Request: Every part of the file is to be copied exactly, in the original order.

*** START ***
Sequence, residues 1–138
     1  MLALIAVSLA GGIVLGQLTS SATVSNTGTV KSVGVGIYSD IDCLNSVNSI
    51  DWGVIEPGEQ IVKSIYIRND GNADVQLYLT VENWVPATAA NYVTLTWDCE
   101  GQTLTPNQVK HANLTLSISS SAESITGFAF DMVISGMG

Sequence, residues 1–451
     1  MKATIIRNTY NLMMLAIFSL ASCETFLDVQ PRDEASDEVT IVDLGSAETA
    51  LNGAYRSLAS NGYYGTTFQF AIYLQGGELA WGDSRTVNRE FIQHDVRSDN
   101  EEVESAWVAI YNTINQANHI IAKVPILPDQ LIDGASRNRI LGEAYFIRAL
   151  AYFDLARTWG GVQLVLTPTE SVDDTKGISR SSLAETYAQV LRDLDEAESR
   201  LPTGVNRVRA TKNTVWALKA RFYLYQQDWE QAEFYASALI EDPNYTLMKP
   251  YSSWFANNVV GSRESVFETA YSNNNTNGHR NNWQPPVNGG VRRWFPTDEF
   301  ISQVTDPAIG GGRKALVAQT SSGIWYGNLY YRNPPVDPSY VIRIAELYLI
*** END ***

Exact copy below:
Sequence, residues 1–138
     1  MLALIAVSLA GGIVLGQLTS SATVSNTGTV KSVGVGIYSD IDCLNSVNSI
    51  DWGVIEPGEQ IVKSIYIRND GNADVQLYLT VENWVPATAA NYVTLTWDCE
   101  GQTLTPNQVK HANLTLSISS SAESITGFAF DMVISGMG

Sequence, residues 1–451
     1  MKATIIRNTY NLMMLAIFSL ASCETFLDVQ PRDEASDEVT IVDLGSAETA
    51  LNGAYRSLAS NGYYGTTFQF AIYLQGGELA WGDSRTVNRE FIQHDVRSDN
   101  EEVESAWVAI YNTINQANHI IAKVPILPDQ LIDGASRNRI LGEAYFIRAL
   151  AYFDLARTWG GVQLVLTPTE SVDDTKGISR SSLAETYAQV LRDLDEAESR
   201  LPTGVNRVRA TKNTVWALKA RFYLYQQDWE QAEFYASALI EDPNYTLMKP
   251  YSSWFANNVV GSRESVFETA YSNNNTNGHR NNWQPPVNGG VRRWFPTDEF
   301  ISQVTDPAIG GGRKALVAQT SSGIWYGNLY YRNPPVDPSY VIRIAELYLI